For many companies, GDPR has become a four-letter acronym.The European Union's new General Data Protection Rule – which applies to virtually any kind
For many companies, GDPR has become a four-letter acronym.
The European Union’s new General Data Protection Rule – which applies to virtually any kind of data that can be used to identify a person – goes into effect May 25. And companies around the world are rushing to make sure they’re in compliance, or at least can demonstrate that they’re hard at work trying to meet the EU demands.
GDPR is designed to protect personal privacy, (hopefully) make companies more secure from data breaches and force them to get their collective hands around all the data they collect, use and distribute.
As CSO‘s Michael Nadeau notes, that’s no small task. He and CSO senior reporter Steve Ragan joined Mark Lewis, IDG Communications vice president of audience developement, and Computerworld Executive Editor Ken Mingis to discuss the ramifications of the new law.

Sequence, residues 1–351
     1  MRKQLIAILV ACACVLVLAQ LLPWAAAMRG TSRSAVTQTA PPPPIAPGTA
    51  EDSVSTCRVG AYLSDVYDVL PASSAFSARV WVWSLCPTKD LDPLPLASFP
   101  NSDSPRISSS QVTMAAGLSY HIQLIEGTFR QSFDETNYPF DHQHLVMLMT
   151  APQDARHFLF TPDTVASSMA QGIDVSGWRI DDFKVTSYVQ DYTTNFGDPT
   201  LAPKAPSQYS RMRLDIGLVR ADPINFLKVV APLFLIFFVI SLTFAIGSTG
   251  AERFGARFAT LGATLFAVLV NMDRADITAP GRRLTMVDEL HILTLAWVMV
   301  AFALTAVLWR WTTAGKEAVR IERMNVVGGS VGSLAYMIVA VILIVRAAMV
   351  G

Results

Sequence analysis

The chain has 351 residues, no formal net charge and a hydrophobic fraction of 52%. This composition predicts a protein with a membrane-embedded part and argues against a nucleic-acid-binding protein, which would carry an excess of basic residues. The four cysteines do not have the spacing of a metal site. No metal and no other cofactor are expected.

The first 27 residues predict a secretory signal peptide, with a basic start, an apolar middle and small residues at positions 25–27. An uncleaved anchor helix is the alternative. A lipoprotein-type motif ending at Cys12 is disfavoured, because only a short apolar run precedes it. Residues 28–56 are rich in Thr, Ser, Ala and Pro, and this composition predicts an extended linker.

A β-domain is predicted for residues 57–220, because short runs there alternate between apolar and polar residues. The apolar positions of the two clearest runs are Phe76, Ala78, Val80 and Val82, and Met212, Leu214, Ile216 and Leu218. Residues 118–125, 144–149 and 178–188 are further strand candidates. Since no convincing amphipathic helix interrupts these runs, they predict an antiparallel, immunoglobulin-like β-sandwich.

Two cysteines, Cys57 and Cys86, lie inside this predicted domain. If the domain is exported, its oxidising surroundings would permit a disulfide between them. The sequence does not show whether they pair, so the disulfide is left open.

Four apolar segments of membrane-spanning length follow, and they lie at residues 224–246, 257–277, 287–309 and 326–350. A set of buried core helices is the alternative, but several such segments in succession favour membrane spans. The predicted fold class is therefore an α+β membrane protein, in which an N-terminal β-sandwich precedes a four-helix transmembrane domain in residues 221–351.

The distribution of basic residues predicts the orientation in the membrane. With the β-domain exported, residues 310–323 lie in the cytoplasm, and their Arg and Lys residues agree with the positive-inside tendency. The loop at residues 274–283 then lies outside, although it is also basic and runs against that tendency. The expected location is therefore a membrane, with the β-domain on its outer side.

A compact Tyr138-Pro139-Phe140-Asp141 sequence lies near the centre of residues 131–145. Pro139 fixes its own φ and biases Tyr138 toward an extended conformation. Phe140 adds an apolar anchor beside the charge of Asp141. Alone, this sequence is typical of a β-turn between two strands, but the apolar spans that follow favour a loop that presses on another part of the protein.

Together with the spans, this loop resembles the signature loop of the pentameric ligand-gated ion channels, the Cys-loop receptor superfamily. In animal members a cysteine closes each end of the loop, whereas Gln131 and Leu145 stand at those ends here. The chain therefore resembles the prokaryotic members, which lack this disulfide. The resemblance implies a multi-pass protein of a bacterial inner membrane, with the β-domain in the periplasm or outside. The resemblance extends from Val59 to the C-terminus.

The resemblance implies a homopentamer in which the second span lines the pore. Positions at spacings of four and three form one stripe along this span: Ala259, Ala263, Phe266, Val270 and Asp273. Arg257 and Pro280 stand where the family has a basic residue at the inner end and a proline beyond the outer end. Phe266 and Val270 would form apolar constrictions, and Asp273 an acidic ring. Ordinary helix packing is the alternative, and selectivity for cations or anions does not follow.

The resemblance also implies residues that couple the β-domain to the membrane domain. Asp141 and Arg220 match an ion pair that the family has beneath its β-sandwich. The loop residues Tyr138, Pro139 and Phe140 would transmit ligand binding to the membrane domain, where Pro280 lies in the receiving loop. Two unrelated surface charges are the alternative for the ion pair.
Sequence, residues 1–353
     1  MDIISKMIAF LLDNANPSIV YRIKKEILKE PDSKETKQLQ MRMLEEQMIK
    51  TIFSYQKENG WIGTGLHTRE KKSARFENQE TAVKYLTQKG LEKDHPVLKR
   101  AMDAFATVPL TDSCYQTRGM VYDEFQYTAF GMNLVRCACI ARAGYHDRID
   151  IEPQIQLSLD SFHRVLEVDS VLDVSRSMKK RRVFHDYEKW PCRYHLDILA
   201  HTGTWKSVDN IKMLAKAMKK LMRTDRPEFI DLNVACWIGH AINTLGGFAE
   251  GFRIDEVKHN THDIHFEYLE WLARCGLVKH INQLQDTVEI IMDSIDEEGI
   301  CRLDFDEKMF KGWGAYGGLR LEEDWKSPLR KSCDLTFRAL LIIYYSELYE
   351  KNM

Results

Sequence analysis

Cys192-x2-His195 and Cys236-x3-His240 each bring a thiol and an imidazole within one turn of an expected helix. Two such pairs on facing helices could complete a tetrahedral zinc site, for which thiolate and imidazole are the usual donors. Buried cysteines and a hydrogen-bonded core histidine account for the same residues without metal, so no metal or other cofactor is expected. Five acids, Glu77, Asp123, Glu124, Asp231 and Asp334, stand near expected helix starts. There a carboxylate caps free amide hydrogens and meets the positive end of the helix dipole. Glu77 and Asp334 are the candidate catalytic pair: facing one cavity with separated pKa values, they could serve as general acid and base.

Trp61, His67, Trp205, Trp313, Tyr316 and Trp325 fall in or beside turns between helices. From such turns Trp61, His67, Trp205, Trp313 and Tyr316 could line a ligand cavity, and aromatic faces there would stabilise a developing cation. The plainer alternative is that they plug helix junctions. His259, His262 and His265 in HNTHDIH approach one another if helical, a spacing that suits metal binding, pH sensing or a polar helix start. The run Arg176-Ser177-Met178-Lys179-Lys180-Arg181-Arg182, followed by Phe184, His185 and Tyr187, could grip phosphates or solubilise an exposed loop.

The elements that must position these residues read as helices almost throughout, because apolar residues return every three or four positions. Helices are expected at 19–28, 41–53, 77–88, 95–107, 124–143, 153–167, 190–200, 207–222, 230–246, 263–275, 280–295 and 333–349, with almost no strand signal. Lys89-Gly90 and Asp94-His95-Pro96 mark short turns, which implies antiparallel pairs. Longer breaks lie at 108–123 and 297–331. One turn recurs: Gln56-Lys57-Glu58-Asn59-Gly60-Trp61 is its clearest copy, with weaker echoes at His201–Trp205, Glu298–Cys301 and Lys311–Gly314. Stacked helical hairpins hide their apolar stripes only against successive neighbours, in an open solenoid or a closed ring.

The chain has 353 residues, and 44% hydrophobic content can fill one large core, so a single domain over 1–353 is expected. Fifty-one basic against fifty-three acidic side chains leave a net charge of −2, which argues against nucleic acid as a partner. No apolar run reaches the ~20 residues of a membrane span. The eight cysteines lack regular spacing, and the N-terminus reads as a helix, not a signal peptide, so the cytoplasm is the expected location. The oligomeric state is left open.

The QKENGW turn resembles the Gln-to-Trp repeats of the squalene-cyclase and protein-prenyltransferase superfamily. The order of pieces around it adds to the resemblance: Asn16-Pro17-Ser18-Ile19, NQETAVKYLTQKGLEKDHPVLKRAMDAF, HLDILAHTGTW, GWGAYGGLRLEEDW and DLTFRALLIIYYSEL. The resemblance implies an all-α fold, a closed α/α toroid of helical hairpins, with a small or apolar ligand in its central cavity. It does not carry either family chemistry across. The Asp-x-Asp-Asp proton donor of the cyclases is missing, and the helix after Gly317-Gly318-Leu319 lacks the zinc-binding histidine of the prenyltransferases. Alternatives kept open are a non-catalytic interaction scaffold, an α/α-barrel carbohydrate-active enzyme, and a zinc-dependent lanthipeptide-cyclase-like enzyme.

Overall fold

As Lewis pointed out, even though the regulation comes from the EU, it affects U.S.-based companies, too – including IDG Communications. That’s why the company, which has a global footprint, has been working for the better part of year to line up its data ducks in time for the new rule.
Many other firms, said Ragan, are only now beginning to realize how far behind they are in that process. His prediction: most companies won’t be fully ready, and some could be in serious trouble in the event of a breach. (Fines for non-compliance in the wake of a data breach could be as high as 4% of a company’s revenues.
For companies still trying to figure out how to proceed, he and Lewis explained the kinds of questions that have to be asked (and answered). Even then, Nadeau said, the May 25 deadline is really just the beginning of a never-ending task for companies. Because even if they lock down everything now, changing technology will mean an ever-evolving privacy landscape that requires constant vigilance.